Skin reactions were evaluated after 24 hours of application. The test chemical caused mild erythema in at least 25 percent of the animals of the group concerned at concentration of 3%.

Therefore the test chemical was considered to be irritating to skin.

These results are also supported by another dermal irritation conducted for other test chemical.

The test chemical was applied full-strength to the closely clipped, intact abdominal skin of albino rabbits in groups of four. The exposed area was covered with an occlusive binding of dental damming for 24 hours. After the exposure, the binding was removed, and the remaining material, if any, was cleaned from the skin. The animals were housed individually with feed and water freely available. No mechanical restraints were used.

Observations for dermal irritation were made on a daily basis. Gross necropsies were performed at the end of the experiments. Grading scale was slight-moderate-marked and severe.

The findings reveled persistent atonia and desquamation with some necrosis or eschar. Part of the irritation seen was associated with trapping of liquid under the occlusive binder at a point where the binder was bound to the animal. These areas of intimate contact and pressure gave rise to some of the reported necrosis and eschar. Also the chemical showed good dose relations for intensity and duration.

Therefore the test chemical was considered as moderately irritating to the clipped and intact abdominal skin of albino rabbits.

Available studies for the test chemical indicate a strong possibility that it may cause moderate to severe irritation to skin.

Hence the test chemical can be considered to be irritating to skin. Comparing the above annotations with the criteria of CLP regulation, the test chemical can be classified under the category “Category 2”.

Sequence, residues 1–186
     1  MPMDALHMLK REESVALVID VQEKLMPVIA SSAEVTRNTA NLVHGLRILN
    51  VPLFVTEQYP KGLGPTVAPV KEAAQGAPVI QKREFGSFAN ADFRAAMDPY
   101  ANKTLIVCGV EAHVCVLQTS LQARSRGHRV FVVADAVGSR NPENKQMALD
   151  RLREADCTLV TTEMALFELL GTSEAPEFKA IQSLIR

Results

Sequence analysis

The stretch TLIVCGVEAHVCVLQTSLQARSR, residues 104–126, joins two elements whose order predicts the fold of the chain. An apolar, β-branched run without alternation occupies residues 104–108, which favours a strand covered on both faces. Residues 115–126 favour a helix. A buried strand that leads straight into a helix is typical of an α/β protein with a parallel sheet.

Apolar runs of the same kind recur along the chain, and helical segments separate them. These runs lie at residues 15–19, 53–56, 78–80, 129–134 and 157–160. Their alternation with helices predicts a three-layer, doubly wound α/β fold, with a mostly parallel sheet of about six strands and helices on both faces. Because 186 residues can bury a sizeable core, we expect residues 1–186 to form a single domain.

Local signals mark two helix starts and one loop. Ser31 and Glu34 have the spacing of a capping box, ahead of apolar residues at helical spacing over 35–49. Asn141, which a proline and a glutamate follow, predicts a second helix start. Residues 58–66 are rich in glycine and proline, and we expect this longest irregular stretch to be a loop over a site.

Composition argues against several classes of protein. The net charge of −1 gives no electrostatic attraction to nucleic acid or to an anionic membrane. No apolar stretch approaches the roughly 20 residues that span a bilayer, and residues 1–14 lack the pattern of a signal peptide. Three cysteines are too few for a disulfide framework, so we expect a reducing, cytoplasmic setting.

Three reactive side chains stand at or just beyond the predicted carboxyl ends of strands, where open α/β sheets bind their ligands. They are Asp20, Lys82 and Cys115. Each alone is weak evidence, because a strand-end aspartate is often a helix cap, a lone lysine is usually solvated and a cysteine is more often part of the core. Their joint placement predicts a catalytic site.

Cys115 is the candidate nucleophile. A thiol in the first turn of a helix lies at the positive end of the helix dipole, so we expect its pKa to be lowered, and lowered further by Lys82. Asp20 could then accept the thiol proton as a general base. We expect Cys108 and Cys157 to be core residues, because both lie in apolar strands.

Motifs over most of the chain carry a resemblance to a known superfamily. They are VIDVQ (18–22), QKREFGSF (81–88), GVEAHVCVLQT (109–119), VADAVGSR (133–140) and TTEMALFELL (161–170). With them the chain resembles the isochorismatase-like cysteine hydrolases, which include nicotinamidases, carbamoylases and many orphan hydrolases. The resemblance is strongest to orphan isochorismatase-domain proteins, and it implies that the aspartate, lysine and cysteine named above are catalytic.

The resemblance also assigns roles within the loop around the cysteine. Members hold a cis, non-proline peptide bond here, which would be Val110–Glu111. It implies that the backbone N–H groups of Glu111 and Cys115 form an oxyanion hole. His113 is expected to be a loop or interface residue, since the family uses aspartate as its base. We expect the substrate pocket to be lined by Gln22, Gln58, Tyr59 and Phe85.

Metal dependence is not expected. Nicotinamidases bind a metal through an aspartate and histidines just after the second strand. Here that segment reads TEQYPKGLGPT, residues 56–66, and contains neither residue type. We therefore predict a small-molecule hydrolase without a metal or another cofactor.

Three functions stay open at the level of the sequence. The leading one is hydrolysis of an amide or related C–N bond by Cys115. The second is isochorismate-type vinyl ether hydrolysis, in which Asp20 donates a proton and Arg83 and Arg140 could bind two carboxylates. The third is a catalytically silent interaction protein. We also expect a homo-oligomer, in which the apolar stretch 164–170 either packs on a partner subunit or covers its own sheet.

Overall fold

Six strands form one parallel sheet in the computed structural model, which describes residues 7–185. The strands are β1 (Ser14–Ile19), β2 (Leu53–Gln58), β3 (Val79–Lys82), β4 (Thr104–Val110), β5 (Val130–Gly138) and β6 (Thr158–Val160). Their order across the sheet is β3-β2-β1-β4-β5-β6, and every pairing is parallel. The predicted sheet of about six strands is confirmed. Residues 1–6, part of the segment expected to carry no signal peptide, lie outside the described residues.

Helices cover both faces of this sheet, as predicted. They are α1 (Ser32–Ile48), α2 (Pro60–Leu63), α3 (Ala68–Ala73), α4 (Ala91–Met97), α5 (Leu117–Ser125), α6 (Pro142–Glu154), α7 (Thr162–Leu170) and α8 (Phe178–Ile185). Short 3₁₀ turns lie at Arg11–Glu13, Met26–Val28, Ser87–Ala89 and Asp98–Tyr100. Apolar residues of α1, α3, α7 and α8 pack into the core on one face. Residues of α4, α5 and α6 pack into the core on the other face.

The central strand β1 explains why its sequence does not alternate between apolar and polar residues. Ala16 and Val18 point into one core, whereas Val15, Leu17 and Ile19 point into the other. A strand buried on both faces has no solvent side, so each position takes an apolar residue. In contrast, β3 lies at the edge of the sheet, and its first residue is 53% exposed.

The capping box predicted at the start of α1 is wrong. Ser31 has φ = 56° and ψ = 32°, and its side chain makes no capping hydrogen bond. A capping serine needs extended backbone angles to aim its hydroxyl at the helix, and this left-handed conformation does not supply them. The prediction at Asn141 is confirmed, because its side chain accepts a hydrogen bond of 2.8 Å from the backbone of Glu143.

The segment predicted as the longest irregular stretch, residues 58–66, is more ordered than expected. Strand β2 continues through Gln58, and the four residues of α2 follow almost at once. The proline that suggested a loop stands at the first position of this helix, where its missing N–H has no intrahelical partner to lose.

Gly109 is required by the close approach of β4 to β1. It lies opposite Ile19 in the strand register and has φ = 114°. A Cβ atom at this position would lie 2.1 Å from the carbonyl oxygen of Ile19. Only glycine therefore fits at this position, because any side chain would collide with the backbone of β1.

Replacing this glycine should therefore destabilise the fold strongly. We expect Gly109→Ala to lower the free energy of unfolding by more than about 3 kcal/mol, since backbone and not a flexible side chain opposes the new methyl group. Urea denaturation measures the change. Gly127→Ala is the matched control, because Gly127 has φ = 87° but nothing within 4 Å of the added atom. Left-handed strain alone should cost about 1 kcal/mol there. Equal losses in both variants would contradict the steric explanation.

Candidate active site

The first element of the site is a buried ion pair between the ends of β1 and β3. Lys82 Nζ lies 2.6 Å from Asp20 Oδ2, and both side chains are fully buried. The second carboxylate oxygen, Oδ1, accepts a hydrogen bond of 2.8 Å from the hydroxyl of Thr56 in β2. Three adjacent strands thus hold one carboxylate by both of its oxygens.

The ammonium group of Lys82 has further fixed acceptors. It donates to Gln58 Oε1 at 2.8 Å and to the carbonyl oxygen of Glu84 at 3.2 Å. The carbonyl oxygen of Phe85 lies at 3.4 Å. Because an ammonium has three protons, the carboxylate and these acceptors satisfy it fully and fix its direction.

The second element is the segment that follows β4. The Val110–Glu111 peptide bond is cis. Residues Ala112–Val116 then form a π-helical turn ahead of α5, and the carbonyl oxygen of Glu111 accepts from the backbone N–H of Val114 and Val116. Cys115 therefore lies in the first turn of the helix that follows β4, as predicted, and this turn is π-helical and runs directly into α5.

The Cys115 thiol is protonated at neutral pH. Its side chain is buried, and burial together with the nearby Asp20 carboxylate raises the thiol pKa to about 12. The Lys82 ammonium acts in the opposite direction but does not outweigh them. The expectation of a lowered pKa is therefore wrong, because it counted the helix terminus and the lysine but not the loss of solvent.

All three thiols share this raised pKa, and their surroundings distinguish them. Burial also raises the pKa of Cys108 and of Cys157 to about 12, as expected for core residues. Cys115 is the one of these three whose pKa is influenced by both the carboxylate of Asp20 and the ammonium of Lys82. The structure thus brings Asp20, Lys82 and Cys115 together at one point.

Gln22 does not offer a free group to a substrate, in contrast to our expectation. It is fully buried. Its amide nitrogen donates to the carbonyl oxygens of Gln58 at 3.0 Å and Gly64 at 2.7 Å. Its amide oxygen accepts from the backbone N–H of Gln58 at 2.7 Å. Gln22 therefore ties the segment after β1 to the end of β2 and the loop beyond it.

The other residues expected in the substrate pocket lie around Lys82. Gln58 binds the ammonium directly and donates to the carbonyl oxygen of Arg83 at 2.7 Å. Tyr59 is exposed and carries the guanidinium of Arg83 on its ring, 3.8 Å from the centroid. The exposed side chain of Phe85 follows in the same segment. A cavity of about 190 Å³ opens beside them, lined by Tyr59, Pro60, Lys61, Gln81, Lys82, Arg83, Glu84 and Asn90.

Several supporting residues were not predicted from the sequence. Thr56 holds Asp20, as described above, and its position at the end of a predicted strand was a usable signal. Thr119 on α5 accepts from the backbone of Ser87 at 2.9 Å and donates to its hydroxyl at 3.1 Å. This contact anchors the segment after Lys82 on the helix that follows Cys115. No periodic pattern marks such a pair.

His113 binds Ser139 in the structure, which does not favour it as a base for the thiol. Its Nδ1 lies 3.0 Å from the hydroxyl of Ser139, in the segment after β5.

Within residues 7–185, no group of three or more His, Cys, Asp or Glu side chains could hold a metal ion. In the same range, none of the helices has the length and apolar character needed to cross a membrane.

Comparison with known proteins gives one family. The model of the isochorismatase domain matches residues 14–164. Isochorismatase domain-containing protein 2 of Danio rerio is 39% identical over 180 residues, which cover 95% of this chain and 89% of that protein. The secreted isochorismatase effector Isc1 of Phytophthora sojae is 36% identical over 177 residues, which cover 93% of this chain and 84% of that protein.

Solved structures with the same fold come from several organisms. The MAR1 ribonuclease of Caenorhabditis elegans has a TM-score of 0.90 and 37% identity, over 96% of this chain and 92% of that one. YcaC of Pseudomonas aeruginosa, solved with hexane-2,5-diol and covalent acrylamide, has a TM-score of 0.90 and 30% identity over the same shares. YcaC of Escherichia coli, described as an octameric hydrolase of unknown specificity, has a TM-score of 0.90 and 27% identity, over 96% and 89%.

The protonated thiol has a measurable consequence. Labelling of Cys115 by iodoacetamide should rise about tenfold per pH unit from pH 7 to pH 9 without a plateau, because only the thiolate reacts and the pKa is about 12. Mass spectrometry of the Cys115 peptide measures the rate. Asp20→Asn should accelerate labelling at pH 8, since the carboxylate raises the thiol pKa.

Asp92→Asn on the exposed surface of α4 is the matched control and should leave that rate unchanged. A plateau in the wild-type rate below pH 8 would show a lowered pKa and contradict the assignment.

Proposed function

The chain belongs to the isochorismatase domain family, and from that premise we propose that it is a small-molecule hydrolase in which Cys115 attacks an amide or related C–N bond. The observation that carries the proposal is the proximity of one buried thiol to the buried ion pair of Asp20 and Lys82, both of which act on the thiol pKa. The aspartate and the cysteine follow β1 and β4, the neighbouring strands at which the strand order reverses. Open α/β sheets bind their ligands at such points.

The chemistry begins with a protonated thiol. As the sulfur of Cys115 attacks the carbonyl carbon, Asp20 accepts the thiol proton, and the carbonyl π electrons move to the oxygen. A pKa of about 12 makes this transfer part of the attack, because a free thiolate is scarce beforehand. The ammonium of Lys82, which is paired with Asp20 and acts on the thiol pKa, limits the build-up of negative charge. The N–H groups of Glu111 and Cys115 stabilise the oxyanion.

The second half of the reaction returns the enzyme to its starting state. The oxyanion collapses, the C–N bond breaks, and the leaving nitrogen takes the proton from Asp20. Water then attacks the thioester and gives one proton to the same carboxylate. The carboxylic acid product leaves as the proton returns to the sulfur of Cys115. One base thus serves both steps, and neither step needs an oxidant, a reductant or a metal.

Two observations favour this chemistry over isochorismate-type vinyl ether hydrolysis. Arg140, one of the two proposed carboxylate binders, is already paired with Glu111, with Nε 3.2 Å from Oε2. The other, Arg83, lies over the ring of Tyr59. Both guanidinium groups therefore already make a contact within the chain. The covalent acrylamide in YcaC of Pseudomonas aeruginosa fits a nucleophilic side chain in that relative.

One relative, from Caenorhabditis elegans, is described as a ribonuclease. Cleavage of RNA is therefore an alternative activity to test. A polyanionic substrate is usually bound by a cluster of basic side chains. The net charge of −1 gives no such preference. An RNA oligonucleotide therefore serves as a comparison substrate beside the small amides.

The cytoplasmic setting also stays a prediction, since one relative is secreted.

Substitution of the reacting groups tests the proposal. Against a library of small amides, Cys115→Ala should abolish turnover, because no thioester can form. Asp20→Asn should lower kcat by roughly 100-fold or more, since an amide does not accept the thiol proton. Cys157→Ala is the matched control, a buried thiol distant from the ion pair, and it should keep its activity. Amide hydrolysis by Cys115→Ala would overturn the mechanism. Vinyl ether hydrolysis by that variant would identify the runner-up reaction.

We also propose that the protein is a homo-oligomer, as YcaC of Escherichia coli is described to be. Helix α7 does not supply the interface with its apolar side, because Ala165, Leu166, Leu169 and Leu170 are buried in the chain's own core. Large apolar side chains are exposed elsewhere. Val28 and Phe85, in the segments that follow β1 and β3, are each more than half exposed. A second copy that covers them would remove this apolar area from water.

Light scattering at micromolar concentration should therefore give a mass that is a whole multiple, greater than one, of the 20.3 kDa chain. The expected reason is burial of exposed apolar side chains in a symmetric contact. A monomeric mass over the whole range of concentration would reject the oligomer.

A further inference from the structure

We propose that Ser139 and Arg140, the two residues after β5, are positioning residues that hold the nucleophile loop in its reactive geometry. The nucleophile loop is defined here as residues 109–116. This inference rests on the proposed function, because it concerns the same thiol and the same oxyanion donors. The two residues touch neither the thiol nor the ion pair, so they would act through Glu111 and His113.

Eye Irritation

Various studies have been summarized to determine the level of dermal irritation/ corrosion caused by test chemical in living organisms. These studies include in vivo experimental results on rabbits and humans for the test chemicals.

An ocular irritation study of the test chemical was conducted on six rabbits to assess its eye irritation potential.  

A single application of 0.1 ml of undiluted alcohol was made into the conjunctival sac of the left eye of each of six rabbits. The untreated eye served as the control. The treated eye was closed for 30 seconds and eyes were not washed. Observations for irritancy and possible systemic toxicity were made at 1, 4, and 24 hours and at 2, 3, 4, and 7 days. Where positive effects persisted, observations were continued initially and at termination the eyes were examined following instillation of 2 % sodium fluorescein solution to detect any corneal lesions if not otherwise visible. Signs of irritation exposure were graded and scored according to the method of Draize.

The median score was 4, 0 and 0 at 24 hours, 27 hours and day 7 respectively. Also the chemical caused little irritation in most of the animals, but persistent corneal opacity in one rabbit. Thus on the basis of scores and observed effects the test chemical was considered as moderately irritating to the rabbits’ eye.

This is supported by the acute toxicity study carried out to estimate the ocular toxicity of the test chemical in rabbits.